includes the accepted industry practice of ‘memo’, the practice of consigning goods, normally polished,
        to clients for pre-arranged periods for potential sale.
1.4.2.4 Advertising includes directly or indirectly promoting the sale or use of a product.
1.4.3   Diamond
1.4.3.1	 The	unqualified	word	‘Diamond’	must	not	be	used	to	describe	or	identify	any	object	or	product	not	
         meeting	the	definition	in	paragraph	(i)
1.4.4   Synthetics
1.4.4.1 The fact that a stone is wholly or partially Synthetic must be disclosed at all times.
1.4.4.2	 A	Synthetic	must	only	and	always	be	disclosed	as	‘Synthetic’,	‘man-made’,	‘lab	created’	or	‘artificial’	and	
         the description must be equally as conspicuous and immediately preceding the word ‘Diamond’.
1.4.4.3 Any terms that are designed to disguise the fact that a stone is Synthetic or that mislead the consumer
        in any way must not be used. For example the term ‘cultured Diamond’ must not be used to describe a
        Synthetic.
1.4.4.4	 Names	of	firms,	manufacturers	or	trademarks	are	not	to	be	used	as	descriptors	for	Synthetics,	unless	
         such	names	are	clearly	succeeded	by	the	terms	‘Synthetic’,	‘man-made’	or	‘artificial’,	as	above.		For	
         example, a business trading as Acme may describe its synthetics as ‘Acme Synthetics’ but not as ‘Acme
         Diamonds’.


8                                                            De Beers Best Practice Principles - Requirements 2008
1.4.5    Treated Diamond
1.4.5.1	 Treatment	means	any	process,	treatment	or	enhancement	changing,	interfering	with	and/or	
         contaminating the natural appearance or composition of a Diamond other than the historically
         accepted practices of cutting and polishing. It includes colour (and decolourisation) Treatment, fracture
         filling,	laser	and	irradiation	Treatment	and	coating.
1.4.5.2	 The	fact	that	a	Diamond	has	been	Treated	must	be	disclosed	at	all	times.
1.4.5.3	 A	Treated	Diamond	must	be	disclosed	as	either	‘Treated’	or	with	specific	reference	to	the	particular	
         Treatment and the description must be equally conspicuous as and immediately preceding the word(s)
         ‘Diamond’ or ‘Synthetic’, as the case may be.
1.4.5.4	 A	description	of	the	type	of	Treatment	and	the	methods	used	to	achieve	the	treatment	must	always	
         accompany the Diamond.
1.4.5.5	 Any	term	that	is	designed	to	disguise	that	Treatment	has	occurred,	or	to	imply	that	a	Treatment	is	part	
         of the normal polishing process or that misleads the consumer in any way should not be used. For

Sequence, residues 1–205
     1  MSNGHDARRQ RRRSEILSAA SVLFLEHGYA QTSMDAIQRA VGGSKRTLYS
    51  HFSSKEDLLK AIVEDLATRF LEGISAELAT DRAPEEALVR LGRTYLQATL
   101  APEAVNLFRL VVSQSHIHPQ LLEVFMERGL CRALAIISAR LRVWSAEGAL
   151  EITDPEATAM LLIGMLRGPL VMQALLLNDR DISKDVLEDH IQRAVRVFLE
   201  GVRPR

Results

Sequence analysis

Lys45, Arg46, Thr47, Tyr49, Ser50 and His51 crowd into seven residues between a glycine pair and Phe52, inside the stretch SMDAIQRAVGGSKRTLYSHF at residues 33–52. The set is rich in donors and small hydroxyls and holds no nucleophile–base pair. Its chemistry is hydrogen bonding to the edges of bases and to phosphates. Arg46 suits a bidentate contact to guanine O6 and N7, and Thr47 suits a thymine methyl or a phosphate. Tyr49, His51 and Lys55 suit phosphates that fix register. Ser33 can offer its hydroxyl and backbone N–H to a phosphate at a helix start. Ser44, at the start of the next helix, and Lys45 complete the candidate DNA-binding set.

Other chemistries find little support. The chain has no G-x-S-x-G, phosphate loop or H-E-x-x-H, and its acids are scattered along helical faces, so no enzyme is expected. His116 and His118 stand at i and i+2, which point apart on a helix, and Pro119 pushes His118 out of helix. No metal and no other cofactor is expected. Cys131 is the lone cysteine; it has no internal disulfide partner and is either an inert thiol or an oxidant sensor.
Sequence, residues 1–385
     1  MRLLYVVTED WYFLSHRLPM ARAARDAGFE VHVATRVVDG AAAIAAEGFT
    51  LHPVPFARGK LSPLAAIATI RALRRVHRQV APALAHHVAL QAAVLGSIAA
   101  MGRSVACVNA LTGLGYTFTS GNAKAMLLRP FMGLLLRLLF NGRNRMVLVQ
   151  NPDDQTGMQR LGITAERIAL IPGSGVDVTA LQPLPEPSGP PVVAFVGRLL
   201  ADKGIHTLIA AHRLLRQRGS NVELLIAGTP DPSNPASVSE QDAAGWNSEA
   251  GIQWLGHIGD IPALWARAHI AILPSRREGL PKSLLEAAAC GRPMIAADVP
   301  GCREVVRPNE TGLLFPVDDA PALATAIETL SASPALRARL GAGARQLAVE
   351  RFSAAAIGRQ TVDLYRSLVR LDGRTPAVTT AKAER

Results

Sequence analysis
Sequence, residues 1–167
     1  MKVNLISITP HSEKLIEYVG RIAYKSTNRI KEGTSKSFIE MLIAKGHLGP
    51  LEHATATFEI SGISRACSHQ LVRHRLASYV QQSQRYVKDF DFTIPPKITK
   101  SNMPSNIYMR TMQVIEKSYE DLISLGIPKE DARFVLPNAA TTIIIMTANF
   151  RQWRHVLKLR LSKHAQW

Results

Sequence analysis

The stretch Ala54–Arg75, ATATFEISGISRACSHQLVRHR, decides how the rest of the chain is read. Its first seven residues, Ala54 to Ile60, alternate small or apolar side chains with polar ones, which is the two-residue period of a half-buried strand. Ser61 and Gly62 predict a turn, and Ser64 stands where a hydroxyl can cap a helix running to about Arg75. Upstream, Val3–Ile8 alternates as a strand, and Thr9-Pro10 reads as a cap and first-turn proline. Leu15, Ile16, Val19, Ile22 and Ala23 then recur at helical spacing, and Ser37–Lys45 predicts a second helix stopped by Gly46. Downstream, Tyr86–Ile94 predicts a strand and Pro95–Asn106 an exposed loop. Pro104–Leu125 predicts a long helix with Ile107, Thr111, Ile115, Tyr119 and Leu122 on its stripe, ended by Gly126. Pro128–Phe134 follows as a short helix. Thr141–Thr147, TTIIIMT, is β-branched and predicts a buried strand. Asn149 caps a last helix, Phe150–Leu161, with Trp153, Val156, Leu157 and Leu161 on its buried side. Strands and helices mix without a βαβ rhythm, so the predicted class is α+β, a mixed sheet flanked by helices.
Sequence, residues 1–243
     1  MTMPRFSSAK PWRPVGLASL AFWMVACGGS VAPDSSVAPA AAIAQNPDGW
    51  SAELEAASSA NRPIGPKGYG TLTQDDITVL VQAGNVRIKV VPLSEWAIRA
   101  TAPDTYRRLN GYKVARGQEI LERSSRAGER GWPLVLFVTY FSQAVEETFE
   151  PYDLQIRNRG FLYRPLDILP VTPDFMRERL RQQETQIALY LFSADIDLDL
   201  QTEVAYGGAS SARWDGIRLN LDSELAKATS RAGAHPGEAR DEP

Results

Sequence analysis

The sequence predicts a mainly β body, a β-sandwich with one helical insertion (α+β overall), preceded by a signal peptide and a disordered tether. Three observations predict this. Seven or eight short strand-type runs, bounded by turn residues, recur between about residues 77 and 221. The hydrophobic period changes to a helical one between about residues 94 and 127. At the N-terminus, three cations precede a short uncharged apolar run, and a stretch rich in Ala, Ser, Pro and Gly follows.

example the term ‘improved’ must not be used to describe a Treated Diamond.
1.4.5.6	 Any	significant	effect	on	the	Diamond’s	value	caused	by	the	Treatment	must	be	disclosed.
1.4.5.7	 Any	special	care	requirements	that	the	Treatment	creates	must	be	disclosed.
1.4.5.8	 Names	of	firms,	manufacturers	or	trademarks	are	not	to	be	used	in	connection	with	Treated	Diamonds,	
         unless	such	names	are	clearly	succeeded	by	the	word	‘Treated’	as	defined	in	this	section	or	are	
         otherwise equally conspicuously and prominently disclosed as treated. For example, a Diamond
         business trading as Acme may describe its Treated Diamonds as ‘Acme Treated Diamonds’ or ‘Acme
         Diamonds, treated by HPHT’ but not as ‘Acme Diamonds’.
1.4.6    Diamond Simulant
1.4.6.1 A Diamond Simulant must always be disclosed either as the mineral or compound that it is or as a
        ‘Diamond	simulant’,	‘imitation	Diamond’	or	‘fake	Diamond’.		The	unqualified	word	‘Diamond’	must	
        never be used with Diamond Simulants.
1.4.6.2	 Names	of	firms,	manufacturers	or	trademarks	are	not	to	be	used	in	connection	with	Diamond	
         Simulants,	unless	such	names	are	clearly	succeeded	by	the	terms	as	defined	in	this	section.		For	
         example, a business trading as Acme may describe its Diamond Simulants as ‘Acme Cubic Zirconia’ or
         ‘Acme Diamond Simulants’ but not as ‘Acme Diamonds’.
1.4.7    Real, Genuine and Natural
1.4.7.1 The words ‘real’, ‘genuine’ and ‘natural’ must not be used to describe:
         •	   Any	Synthetic	(see	paragraph	(iii)	);	
1.4.7.2 The words ‘real’ and ‘genuine’ must not be used to describe:
         •	   Any	Treated	Diamond	(see	paragraph	(ii));	
         •	   Any	diamond	Simulant	(see	paragraph	(iv));	
1.4.7.3 The word ‘natural’ must not be used to describe any diamond Simulant if the Simulant is not a naturally
        occurring mineral or compound.


1.5	 Supply	Chain	Management	/	Best	Endeavours
1.5.1	   Programmes	and/or	procedures	should	be	established	to	address	compliance	with	the	BPPs	by